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Winter Motorcycle Tyre Tips
The winters are here and if you are the sorts who rides all round the year, it is advised that you pay good attention to the tyres especially in cold and wet weather. Below are a few motorcycle winter tyre tips that will help you stay safe and ride carefree everywhere you go.
Winter Tyre Tips:
• On a regular basis, check your tyres all the way around. Rotate both tyres completely and make sure there are no nails, or other objects penetrating the tyre. If you find anything, do not ride until you have your motorcycle dealer inspect the tyre and replace it if necessary.
• Check the tyre sidewalls for signs of cracking and never use sidewall treatments or dressings, which can actually accelerate tyre cracking.
• Checking tyre pressure is the most important tyre maintenance function you can perform. Maintaining the correct air pressure is crucial to the tyres' rolling efficiency, steering, grip, wear and load-carrying capabilities for every 4 psi a tyre is underinflated, you could lose up to 80 pounds of load-carrying capacity.
• You're not only riding on your tyres, you're also riding on the air within them, so check cold air pressure as often as possible with a high-quality air-pressure gauge, and have it calibrated at least once a year.
• If you're storing your motorcycle for the winter and/or if you're storing spare tyres, try to avoid frequent and varied extremes of temperature during storage. Do not keep tyres next to radiators or sources of heat. Tyres subjected to these conditions will age more quickly than those stored in a cool, constant environment.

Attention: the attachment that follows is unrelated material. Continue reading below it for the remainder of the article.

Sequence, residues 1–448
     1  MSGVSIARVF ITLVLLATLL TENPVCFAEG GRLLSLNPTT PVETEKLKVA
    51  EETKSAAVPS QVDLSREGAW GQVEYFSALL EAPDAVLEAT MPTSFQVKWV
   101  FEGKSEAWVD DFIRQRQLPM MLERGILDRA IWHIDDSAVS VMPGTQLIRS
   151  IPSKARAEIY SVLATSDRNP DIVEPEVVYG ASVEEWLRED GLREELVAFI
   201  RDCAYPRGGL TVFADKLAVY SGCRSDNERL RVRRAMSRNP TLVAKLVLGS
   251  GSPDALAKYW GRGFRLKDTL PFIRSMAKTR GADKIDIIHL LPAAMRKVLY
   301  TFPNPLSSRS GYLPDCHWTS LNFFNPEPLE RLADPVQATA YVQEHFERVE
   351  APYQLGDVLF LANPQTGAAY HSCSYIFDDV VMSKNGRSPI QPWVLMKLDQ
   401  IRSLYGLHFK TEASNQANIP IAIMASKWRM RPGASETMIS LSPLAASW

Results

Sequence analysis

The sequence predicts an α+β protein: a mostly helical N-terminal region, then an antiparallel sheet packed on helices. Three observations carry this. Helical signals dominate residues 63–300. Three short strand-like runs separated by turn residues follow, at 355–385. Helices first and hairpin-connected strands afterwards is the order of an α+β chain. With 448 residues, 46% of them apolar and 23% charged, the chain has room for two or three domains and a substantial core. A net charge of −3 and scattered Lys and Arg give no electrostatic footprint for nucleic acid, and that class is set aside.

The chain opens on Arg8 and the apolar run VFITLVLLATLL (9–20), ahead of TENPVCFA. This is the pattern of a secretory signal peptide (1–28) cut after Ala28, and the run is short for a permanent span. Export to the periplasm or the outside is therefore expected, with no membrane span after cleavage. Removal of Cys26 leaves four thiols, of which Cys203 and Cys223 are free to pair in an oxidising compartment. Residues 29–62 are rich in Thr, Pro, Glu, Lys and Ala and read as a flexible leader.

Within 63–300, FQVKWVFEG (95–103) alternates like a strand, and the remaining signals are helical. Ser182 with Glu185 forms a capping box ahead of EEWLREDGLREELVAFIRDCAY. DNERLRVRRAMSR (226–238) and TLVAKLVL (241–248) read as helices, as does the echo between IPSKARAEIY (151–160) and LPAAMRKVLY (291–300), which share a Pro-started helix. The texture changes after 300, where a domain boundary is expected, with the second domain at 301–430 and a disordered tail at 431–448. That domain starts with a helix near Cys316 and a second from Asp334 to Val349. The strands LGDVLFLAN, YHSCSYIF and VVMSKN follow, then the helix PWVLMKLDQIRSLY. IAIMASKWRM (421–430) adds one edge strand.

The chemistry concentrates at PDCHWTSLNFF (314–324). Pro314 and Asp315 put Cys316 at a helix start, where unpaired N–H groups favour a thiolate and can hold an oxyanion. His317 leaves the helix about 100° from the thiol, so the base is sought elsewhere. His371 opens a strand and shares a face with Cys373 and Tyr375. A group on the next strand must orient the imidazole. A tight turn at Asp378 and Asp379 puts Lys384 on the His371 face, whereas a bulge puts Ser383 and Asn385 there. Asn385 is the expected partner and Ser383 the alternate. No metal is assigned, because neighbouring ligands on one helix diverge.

• Do not store tyres where electric motors are present; the high concentration of ozone will accelerate tyre cracking.
• When buying new tyres make sure you select tyres that can carry your expected load, including the total weight of the motorcycle, the rider(s), luggage and any equipment. Always match front and rear tyres.
• After installation of new tyres, check to make sure the arrows on the sidewall are pointing in the correct direction of rotation, and that the balance dot on the tyre is lined up with the valve stem.
Worn out tyres greatly reduce the ability to dissipate water and heavily reduce traction when riding on wet surfaces. It also changes the way the bike feels and alters the overall handling dynamics and are also more prone to punctures. It is advisable to change tyres before they reach the tread-depth indicators inside the tread grooves. On the sidewall of the tyre, there are little triangles spaced around the tyre. Looking in a tread groove at a point indicated by the triangle, you can see a raised-up bar. The surface of your tread must be higher than those bars in order to be road worthy and safe.